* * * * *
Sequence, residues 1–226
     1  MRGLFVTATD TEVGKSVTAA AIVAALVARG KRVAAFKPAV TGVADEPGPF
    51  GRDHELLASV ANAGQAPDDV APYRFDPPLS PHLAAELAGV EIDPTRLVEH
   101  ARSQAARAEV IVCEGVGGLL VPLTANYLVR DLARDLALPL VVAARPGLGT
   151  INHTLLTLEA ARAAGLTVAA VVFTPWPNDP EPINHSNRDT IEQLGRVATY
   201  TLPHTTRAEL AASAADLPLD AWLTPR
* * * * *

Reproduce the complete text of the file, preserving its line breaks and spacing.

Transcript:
Sequence, residues 1–226
     1  MRGLFVTATD TEVGKSVTAA AIVAALVARG KRVAAFKPAV TGVADEPGPF
    51  GRDHELLASV ANAGQAPDDV APYRFDPPLS PHLAAELAGV EIDPTRLVEH
   101  ARSQAARAEV IVCEGVGGLL VPLTANYLVR DLARDLALPL VVAARPGLGT
   151  INHTLLTLEA ARAAGLTVAA VVFTPWPNDP EPINHSNRDT IEQLGRVATY
   201  TLPHTTRAEL AASAADLPLD AWLTPR